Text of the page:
Pausanias has two quaint myths, 9 one is that Heracles--who here is said to be one of the Idaean Dactyls to whose care the child Zeus was entrusted--with his four brothers founded the games; 10 the other is that Zeus himself founded them after his victory over Cronus. Both are apparently late inventions and need not detain us.

More widespread is another myth according to which Heracles instituted the games, having killed the Molione. 11 These strong twins have apparently been borrowed from the Pylian myth. Nestor mentions

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them twice; he says that they took part in the war on the side of the Epeans and that he nearly killed them, 12 and in another passage he says that they were victorious in the chariot race at the funeral games of Amarynceus at Bouprasion. 13 Heracles killed them in the course of a war which he waged against King Augeias of Elis because Augeias had withheld the fee which he had promised him for the cleaning of his stables. Augeias appears in the Pylian epos as king of Elis. 14 In this epos Heracles was the foe of the Pylians; in the myth here treated he is the foe of the Eleans.

This change may perhaps be connected with a change in the dominating population. The Eleans of the historical age spoke a northwestern dialect; they were a northwestern tribe, kindred of the Aetolians, who had traversed the Strait of Naupactus. If the Dorians who invaded the Peloponnese took the same way, they came earlier and were ousted by the Eleans. This view implies of course that the Epeans who warred with the Pylians belonged to the earlier Dorian invasion. In the Homeric age the last invasion had already taken place, and Homer confused of course Epeans and Eleans, but, as we remarked, the latter name is a local and not a tribal one. However this hypothesis may be judged, the myth of Heracles' war with Augeias and his killing of the Molione is apparently a late creation, composed of elements of which certain parts were taken from the Pylian cycle. 15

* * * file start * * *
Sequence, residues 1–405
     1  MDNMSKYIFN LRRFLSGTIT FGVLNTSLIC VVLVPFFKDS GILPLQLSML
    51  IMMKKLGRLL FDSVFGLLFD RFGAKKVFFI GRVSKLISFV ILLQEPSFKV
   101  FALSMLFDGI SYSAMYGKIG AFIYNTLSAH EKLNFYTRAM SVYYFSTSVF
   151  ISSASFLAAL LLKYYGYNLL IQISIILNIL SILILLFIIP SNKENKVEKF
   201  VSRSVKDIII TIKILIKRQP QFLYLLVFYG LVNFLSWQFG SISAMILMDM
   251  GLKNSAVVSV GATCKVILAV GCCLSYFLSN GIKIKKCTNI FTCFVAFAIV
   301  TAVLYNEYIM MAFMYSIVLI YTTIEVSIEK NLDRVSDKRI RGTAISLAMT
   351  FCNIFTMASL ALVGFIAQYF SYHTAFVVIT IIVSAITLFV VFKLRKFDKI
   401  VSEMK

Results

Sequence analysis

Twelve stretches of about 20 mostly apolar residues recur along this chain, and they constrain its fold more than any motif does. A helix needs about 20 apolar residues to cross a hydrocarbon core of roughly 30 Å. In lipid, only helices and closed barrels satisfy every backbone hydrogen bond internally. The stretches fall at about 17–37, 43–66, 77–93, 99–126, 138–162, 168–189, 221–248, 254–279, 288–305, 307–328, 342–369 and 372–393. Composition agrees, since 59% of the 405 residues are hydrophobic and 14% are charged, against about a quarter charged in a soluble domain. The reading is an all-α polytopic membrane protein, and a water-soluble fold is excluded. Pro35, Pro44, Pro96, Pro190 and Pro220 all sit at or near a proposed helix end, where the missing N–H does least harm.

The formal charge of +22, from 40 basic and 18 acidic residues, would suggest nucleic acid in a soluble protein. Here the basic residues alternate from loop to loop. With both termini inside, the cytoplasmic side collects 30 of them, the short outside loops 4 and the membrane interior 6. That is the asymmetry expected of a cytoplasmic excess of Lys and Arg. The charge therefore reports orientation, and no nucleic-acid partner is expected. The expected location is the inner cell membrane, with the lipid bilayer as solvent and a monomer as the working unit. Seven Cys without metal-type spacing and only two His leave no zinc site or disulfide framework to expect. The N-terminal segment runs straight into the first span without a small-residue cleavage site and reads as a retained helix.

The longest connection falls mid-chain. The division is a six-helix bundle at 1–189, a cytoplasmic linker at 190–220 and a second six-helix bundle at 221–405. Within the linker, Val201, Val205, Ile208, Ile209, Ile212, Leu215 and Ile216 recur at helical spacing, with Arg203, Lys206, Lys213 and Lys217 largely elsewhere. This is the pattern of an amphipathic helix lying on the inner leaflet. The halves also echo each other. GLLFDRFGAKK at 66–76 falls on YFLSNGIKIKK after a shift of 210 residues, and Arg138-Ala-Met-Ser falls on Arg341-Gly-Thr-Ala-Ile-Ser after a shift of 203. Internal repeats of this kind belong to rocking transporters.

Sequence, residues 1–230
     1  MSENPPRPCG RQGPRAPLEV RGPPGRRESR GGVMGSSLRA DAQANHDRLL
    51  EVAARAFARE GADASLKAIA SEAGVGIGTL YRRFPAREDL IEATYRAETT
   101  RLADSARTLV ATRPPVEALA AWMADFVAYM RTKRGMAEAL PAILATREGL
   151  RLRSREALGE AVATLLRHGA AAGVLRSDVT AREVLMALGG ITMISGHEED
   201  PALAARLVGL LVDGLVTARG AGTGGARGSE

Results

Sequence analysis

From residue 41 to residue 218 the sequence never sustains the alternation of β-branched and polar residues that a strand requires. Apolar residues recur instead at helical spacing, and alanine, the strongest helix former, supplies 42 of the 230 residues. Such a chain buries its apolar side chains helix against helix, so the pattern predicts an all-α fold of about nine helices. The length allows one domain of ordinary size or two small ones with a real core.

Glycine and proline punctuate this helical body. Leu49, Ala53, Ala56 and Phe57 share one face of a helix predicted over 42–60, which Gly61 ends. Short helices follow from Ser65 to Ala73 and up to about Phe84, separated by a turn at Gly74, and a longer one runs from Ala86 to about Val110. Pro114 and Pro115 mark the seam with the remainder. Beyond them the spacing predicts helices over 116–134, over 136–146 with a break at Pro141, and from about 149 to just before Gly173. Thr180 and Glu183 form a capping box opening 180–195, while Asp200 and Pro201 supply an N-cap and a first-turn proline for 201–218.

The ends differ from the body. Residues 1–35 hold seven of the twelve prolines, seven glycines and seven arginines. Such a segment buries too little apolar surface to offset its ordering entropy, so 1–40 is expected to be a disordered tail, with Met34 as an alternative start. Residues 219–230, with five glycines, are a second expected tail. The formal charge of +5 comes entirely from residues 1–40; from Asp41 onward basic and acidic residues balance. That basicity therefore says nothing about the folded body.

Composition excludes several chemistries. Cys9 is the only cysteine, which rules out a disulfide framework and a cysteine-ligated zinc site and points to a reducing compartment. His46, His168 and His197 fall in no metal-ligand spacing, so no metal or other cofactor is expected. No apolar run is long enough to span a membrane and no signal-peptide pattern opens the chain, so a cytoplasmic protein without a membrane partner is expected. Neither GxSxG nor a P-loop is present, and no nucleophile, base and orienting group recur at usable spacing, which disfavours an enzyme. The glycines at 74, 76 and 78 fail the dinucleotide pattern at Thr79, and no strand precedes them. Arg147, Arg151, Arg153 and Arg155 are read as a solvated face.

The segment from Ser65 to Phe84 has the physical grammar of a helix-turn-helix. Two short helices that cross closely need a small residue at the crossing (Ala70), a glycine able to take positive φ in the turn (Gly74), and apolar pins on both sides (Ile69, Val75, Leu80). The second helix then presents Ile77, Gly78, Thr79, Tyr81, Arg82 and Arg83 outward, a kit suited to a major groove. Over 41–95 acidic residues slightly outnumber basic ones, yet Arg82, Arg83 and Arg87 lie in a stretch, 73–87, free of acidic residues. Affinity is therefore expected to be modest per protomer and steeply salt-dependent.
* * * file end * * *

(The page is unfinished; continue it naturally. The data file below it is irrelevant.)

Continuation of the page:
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Much more celebrated is the myth of Pelops and Oenomaus which was chosen as the subject of the sculptures in the east pediment of the temple of Zeus at Olympia. We have seen above 16 that Pelops was the eponymous hero of the tribe of the Pelopes, which gave its name to the Peloponnesian peninsula, and that he was made an ancestor of the Atreidae. Oenomaus appears curiously isolated; he is not attached to the genealogy of the Elean kings. The goal of the race is by some authors said to have been on the Corinthian isthmus; personages and events of the myth were localized partly in the north-eastern Peloponnese, partly even on Lesbos. Thus the inference is near at hand that the myth was transferred to Olympia from Lesbos 17 or from the northeastern Peloponnese. 18 It must, however, be conceded that there is nothing which proves with certainty that these localizations are earlier than its localization at Olympia. 19

More important is the fact to which several scholars have pointed that the running of the course originally implied not a race but the carrying off of the bride according to the primitive custom known also to the Greeks. This is a rather common mythical motif. 20 It appears that the myth of the race of Pelops and Oenomaus was remodeled profoundly